As long as you check the clothing label and use the appropriate heat settings you should be safe. But what if you did all that and the garment still shrunk? This article explores all the possible reasons as well as solutions.
Does Ironing Shrink Clothes?
No. Washing natural fibers like wool and cotton too hot, or over-drying them in the dryer, causes them to shrink. Ironing with steam is similar to the process used to stretch out natural fibers in the first place, so if anything, ironing is somewhat of a solution to the problem.
Steam relaxes the weaved fibers and allows them to stretch out.
Can Ironing Unshrink Clothes?
It might… if the shrinking is caused by a washing machine tumbling and compressing the natural fibers into their original “curled up” state, OR by drying them out too much in the dryer. Simply soak/wash the garment in lukewarm water and fabric softener followed by ironing the with the aim of stretching the fabric out.
This is not a guarantee since each garment is made up of different combinations of fibers and the cause of the shrinking can be quite varied… but it’s certainly well worth a try!
Types of Fabric that Shrink
Natural fibers like wool, cotton and silk are naturally a little “curly”. They are stretched out during the manufacturing process to make the “weave-able”. This can be unintentionally undone, resulting in the garment shrinking.
Thankfully, synthetic or man-made fibers like Polyester or Rayon (with Polymers made from Petroleum-based chemical chains) are much less prone to shrinking since their fibers are created in straighter strands.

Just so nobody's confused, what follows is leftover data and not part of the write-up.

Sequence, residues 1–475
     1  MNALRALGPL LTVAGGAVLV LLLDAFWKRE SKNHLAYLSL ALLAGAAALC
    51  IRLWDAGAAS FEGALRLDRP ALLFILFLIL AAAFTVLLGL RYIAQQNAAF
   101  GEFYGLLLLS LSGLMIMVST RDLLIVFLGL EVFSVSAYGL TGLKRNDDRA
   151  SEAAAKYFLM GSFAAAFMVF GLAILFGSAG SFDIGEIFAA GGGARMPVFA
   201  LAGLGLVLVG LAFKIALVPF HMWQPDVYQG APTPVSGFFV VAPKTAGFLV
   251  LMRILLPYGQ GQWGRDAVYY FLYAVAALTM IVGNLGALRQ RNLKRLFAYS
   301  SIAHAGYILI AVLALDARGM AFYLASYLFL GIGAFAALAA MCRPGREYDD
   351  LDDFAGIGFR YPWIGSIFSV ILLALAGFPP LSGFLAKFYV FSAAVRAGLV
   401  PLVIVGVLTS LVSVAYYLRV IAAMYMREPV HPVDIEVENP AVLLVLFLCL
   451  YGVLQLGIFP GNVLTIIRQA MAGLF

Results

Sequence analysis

The Actual Cause of Clothes Shrinking
1. Washing them in too hot water
The heat releases tension between the weaved fibers as well as allowing natural fibers like wool or cotton, to relax and return to their naturally “curled” state.
2. The continuous tumbling inside the washing machine.
If fibers are prone to shortening (shrinking) the continuous bumping and compressing caused by the washing machine could possibly be the cause, even if the water temp is low.
This process is called “Consolidation”. The pushing and pulling of fibers inside a washing machine causes them to wrinkle up and contract, thus resulting in shrinkage.
3. Over drying them in the dryer.
Natural fibers have a high moisture content. Cotton can be 5% water and wool up to 17!
Removing this moisture is like removing 17% of the volume of the strand. Therefore “overdrying” can be equally responsible for shrinkage.
How to Avoid Clothes Shrinking
1. Buy Pre-shrunk Clothing
Higher quality garments would have been washed by the manufacturer to get any shrinking out of the way before shipping it to be sold. This costs them a little more so expect to pay a little extra for the security.
2. Check the Instruction Label
This will give you a breakdown of all the fibers used in the garment along with clear washing and ironing instructions.
Learn more about ironing wool, polyester and combination weave like felt.
3. Avoid Washing in Too-Hot Water
As mentioned earlier, the extreme heat can overwhelm the manufacturing process of stretching out the natural fibers in wool and cotton and result in them returning to their natural “curled-up” state.
4. Avoid Drying with Too-Hot Air
Sucking the moisture out of natural fibers reduces their overall length. Instead, dry in lower heat or don’t use a dryer at all.
5. Use a High-efficiency Washer
By using a high-efficiency washing machine instead of one with a center agitator, the process of washing is much gentler and the risk of compressing fibers as they tumble and roll is much lower.